The cottage was designed with a windowless wall so that the owner could install this lovely Tuscany scene.

Once the landscaping goes in, this custom Starlet Cottage will be quite pleasant.

Historic Shed now offer the Starlet Cottage as a shell-only package with all required architectural plans:

My favorite artsy photo of the finished porch.

Several years ago I was contacted by a woman who was in the process of buying a house in the historic Gillespie Park neighborhood in Sarasota. The 1920s house came with a detached garage in not-so-great shape, placed awkwardly in the middle of the yard and she wanted to replace it. Then she had a few big life changes, including moving out of the country, and the plans for the garage were put on hold. When she called back last year, she no longer wanted to just replace the garage. Instead, since the main house was being used as a vacation rental, they wanted to add a garage apartment that could also be rented out. Historic Shed designed a two-story, two car garage apartment with details that complemented the main house with a one bedroom, one bath layout. We also included a large porch for a private sitting area for visitors, accessed by an exterior stair. The cottage is available for rent at: So far, it has some rave reviews.

One of the perks of being in the preservation business is seeing all sorts of great historic sites that aren't always available to the public. When we worked primarily as historic preservation consultants under our Preservation Resource, Inc. mantle, we got to crawl in attics and private rooms of house museums, disused hotels, and even airplane hangers. Now, as we focus on making outbuildings for historic neighborhoods, we get to see private homes that aren't open to the public (I never say no when invited inside for a moment). One of the recent highlights was seeing a high-style Craftsman style bungalow in the Old Northeast neighborhood in St. Petersburg that was under rehabilitation.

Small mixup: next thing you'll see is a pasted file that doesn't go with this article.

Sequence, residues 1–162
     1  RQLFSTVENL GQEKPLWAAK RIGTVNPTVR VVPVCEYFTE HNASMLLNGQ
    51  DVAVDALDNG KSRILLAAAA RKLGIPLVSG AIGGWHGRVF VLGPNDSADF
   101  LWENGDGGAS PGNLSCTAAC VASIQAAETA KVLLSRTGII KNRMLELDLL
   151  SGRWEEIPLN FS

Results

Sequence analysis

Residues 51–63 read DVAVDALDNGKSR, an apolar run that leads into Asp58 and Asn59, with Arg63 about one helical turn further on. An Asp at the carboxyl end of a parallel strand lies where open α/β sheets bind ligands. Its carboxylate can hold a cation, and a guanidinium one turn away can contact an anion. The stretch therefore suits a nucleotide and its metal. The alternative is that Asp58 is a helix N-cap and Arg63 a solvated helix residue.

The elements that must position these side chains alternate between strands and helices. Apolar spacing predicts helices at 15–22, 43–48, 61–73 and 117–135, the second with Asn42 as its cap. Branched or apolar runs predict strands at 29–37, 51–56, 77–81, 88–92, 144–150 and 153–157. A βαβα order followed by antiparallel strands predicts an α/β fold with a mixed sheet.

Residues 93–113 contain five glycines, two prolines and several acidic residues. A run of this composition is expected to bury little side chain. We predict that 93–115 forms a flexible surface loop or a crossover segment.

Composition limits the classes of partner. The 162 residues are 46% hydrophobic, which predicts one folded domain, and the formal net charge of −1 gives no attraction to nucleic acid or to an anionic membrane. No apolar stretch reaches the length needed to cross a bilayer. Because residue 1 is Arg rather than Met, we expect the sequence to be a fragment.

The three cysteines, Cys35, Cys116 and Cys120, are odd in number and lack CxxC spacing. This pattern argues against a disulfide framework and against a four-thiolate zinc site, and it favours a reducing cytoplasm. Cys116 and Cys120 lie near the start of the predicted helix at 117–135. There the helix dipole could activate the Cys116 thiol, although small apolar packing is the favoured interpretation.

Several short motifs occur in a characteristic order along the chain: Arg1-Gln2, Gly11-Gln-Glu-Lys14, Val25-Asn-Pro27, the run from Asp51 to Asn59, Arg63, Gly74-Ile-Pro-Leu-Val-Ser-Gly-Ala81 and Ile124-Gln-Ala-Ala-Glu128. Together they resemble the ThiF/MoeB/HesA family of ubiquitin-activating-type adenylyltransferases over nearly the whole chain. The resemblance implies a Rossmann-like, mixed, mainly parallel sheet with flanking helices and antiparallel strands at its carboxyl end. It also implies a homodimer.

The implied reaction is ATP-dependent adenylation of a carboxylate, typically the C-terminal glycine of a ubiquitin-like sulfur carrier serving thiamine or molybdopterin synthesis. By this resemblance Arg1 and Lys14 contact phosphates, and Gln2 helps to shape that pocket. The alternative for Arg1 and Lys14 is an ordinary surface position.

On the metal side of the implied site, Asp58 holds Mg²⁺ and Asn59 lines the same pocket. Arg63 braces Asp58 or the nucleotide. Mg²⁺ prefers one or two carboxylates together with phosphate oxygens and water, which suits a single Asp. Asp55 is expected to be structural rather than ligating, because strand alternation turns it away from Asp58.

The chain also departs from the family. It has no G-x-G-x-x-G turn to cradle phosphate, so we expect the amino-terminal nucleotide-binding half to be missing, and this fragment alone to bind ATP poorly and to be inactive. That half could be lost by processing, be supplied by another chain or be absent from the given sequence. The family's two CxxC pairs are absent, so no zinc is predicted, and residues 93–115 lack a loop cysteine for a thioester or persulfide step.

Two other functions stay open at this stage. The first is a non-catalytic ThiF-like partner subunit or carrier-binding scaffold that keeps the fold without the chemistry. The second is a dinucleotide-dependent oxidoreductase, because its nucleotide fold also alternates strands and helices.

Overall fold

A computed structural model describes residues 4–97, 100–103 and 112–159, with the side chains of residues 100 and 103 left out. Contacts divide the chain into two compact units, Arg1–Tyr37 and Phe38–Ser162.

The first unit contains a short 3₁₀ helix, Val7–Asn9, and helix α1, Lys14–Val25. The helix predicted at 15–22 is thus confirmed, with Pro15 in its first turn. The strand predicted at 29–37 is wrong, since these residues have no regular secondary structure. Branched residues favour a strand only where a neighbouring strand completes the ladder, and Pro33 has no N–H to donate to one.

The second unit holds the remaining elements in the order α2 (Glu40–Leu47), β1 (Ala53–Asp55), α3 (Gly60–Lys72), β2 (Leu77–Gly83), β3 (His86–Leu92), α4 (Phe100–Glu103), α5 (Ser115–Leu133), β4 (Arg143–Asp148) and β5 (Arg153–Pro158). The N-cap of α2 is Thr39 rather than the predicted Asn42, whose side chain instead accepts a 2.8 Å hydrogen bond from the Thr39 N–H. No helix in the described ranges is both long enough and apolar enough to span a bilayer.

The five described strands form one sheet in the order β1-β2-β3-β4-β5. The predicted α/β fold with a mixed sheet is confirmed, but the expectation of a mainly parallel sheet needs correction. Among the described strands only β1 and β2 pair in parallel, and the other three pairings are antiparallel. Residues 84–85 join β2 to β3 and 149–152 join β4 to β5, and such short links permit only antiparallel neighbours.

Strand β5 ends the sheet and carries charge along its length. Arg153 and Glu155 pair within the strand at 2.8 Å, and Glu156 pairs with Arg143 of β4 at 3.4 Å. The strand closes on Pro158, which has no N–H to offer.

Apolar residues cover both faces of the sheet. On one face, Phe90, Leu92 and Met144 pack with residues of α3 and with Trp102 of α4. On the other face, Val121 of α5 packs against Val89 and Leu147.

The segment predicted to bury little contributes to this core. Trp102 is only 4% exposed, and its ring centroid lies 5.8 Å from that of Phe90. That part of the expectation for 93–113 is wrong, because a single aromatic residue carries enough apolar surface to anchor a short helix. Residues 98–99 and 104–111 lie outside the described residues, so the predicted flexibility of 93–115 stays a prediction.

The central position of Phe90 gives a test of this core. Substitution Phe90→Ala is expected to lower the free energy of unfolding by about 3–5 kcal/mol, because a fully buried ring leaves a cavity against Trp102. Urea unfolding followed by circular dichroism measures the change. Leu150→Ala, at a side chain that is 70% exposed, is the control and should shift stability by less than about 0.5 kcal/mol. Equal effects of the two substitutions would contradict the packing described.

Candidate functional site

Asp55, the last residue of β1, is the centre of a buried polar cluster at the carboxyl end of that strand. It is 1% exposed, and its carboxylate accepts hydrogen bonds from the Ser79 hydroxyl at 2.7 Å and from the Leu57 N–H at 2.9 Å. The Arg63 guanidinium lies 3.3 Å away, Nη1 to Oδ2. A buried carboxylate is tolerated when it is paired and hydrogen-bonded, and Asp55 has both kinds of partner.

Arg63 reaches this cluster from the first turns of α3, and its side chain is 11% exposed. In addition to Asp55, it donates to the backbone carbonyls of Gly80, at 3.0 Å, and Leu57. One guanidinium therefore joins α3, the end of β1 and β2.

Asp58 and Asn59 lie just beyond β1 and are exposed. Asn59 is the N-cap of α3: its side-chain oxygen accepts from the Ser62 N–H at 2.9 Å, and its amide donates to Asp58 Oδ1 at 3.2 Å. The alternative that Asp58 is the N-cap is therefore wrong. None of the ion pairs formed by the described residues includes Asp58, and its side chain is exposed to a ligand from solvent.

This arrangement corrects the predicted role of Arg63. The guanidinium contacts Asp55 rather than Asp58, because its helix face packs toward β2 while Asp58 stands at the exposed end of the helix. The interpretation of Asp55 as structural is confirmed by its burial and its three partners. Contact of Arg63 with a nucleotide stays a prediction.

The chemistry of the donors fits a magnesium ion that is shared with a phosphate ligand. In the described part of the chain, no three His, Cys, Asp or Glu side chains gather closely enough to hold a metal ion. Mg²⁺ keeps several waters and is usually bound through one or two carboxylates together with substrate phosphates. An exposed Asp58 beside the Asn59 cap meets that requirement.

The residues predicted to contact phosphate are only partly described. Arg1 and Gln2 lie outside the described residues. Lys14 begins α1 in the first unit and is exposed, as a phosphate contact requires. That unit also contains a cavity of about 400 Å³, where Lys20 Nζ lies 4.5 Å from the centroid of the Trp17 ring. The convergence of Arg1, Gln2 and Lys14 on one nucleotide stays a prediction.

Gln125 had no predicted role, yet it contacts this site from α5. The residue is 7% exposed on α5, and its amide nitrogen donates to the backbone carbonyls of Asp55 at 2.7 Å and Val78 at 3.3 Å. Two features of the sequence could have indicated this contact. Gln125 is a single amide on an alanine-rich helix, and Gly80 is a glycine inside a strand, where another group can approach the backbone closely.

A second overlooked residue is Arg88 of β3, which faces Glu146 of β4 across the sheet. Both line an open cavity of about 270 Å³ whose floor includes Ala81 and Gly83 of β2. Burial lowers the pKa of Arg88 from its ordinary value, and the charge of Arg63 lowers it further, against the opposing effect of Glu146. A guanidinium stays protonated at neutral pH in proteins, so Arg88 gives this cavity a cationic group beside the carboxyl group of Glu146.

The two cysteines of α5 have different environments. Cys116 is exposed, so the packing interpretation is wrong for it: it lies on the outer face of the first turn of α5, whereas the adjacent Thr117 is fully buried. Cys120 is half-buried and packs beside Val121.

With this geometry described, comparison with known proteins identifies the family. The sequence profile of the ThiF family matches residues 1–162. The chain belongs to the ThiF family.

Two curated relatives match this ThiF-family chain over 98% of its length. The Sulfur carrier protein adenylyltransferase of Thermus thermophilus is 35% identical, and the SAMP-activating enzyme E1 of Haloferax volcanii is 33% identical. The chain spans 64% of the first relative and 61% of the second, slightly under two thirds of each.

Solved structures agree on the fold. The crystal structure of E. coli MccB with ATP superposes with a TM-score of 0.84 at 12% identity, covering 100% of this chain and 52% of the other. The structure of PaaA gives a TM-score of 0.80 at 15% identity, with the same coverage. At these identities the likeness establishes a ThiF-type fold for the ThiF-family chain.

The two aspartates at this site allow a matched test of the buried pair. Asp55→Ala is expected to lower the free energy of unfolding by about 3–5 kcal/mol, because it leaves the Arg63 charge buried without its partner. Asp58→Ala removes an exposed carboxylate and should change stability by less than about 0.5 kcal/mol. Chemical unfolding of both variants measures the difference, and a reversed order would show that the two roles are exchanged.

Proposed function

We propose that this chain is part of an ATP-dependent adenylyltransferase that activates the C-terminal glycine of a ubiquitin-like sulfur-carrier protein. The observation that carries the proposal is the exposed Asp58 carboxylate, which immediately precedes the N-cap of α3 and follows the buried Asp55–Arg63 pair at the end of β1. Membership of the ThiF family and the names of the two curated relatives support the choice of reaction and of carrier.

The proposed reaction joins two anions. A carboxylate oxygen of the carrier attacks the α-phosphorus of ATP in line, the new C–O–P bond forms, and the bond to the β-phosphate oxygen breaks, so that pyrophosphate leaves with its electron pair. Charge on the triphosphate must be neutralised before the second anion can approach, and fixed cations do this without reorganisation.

Sargent House

The house has heavy timber framing details, great clinker brick porch piers, wide eaves and long, low lines.

Known as the Sargent House, 806 18th Avenue NE was recently designated as a historic landmark by its newest owners, Sharon Winters and Kendall Reid. Originally built in 1923 by LeRoy and Marjorie Sargent, the house is significant for its architecture as a rare example of higher-style Craftsman design and construction in the airplane bungalow type. (See the full report at: A local landmark designation recognizes structures or places that have historic value or that exemplify cultural, economic, or social value to the city, state, or nation. The benefits of this designation include neighborhood stabilization, increased heritage tourism through the maintenance of our historic character, relief from some of the requirements of the Florida Building Code, and an ad valorem tax exemption.

Historic Shed was hired to design and build a small storage shed to be placed behind the house. The simple shed incorporated elements from the house such as the gable detailing, roof pitch, and outrigger design.

Craftsman Shed

The shed is located within a flood zone and has flood vents along the back and alley side.

Custom Shed Roof Outriggers

The roof outriggers are prominent on the main house. The shed has scaled down versions to visually complement the main house. The gable vents are also geometrically similar.

Custom Storage Shed

While the main house is covered in shingles, the shed uses cypress siding. The doors reflect the Craftsman design of the main house.